Many artists are still producing semiabstract and figurative work for the market. But there are some never names around. Tran Van Thao and Do Hoang Tuong are considered two of the most interesting and promising painters currently working in Ho Chi Minh City. Thao, before 1992, painted nature scenes and landscape but is now inspired by “my remembrances of the war. Abstraction is the only style in which I can express my feelings.”
Artist’s group such as the “Gang of Five,” in Hanoi, and “Recent Works” group, in both Ho Chi Minh City and Hanoi, continue to work together and their members are known overseas. Foreign artists’ exchanges such as the Dutch-Vietnamese workshop, “Dalat Dialogue,” in 1995, and “April Colors,” in Hue, in 1996, included artists from America, France, Australia, Japan, and Vietnam. The presence of foreign artists which includes Eric Leroux (France), Nguyen Cam (France), Russell Craig (Australia), Bradford Edwards (the United States), Maritta Nurmi (Finland), and Veronika Radulovic (Germany) – has initiated, at grassroots level, exchanges which will be felt for a long time to come.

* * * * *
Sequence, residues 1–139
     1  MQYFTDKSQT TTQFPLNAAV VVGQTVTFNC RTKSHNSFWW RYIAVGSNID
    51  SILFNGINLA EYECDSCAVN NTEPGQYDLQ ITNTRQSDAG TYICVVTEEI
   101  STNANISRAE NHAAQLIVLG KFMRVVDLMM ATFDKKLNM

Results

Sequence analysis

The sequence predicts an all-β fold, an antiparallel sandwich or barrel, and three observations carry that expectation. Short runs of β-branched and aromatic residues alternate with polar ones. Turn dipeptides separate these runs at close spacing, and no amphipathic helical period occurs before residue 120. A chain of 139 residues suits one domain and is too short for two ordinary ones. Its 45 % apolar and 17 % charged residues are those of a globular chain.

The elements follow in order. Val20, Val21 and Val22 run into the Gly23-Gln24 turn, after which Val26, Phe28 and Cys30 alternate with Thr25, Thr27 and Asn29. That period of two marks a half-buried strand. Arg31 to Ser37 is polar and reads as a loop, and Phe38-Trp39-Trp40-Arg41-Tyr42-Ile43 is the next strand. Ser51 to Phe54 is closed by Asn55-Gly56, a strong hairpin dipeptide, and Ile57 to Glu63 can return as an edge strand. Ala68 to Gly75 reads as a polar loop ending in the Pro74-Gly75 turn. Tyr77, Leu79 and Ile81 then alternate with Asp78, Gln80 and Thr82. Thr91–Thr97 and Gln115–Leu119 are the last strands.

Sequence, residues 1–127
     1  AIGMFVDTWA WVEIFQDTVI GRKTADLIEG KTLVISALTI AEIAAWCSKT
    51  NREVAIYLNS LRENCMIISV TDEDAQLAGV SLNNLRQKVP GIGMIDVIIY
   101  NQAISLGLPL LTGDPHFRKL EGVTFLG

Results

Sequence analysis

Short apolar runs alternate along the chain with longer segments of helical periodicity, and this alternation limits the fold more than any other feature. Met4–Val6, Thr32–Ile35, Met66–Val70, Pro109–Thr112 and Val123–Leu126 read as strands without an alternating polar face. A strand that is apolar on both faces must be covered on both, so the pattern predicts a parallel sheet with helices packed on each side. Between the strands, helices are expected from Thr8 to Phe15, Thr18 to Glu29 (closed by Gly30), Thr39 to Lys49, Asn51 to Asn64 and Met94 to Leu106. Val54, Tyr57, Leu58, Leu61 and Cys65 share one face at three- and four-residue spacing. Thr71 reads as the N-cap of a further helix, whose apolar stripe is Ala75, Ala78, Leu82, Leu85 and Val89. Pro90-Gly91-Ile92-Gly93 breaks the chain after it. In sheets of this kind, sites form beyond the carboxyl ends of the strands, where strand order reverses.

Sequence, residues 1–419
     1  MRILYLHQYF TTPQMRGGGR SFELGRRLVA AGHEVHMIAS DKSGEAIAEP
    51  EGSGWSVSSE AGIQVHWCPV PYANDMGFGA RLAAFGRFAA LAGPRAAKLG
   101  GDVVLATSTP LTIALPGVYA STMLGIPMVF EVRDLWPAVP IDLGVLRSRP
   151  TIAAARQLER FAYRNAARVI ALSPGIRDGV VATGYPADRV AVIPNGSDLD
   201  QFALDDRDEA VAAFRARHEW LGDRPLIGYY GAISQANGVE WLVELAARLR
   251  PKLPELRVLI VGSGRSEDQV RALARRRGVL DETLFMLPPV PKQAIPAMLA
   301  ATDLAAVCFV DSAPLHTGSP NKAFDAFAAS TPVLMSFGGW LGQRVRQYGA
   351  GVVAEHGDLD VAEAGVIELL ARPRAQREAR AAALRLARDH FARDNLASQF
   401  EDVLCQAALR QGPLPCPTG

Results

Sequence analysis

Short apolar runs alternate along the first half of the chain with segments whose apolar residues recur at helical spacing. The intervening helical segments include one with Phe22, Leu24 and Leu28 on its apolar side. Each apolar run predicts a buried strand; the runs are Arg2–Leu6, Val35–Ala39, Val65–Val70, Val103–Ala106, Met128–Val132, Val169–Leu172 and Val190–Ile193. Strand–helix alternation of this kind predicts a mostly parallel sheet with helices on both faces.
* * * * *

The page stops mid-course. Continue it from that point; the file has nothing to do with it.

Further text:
The changes in Vietnam’s current art scene have been welcomed by most artists. There is also greater enthusiasm, an elevated sense of self-confidence and defection among the artists, the vast majority of whom are men. There are different pressures now, though, and different standards. “In the past, I made more works, now I do less,” says the artist Le Quang Ha. “I spend more time on one painting. In the past, I was perhaps not so careful in my work.”
“Five to ten years ago, the art was terrible, but since the Government has opened up, the quality has improved. For me the best time to be an artist is now, in Hanoi,” says Thanh Chuong, one of the most important contemporary lacquer artists. “Now artists have better skills, there are now more styles than before. Now there is more choice. In the past, if someone asked a painter to paint a picture, they told the artist what to paint. Sometimes a number of artists worked on one painting. I can now do what I like and use my own ideas. It is a good time for Vietnamese artists. Artists are now more independent. The artists’ ways of selling their work have changed. Some artists paint and sell immediately. Others hold onto their works.”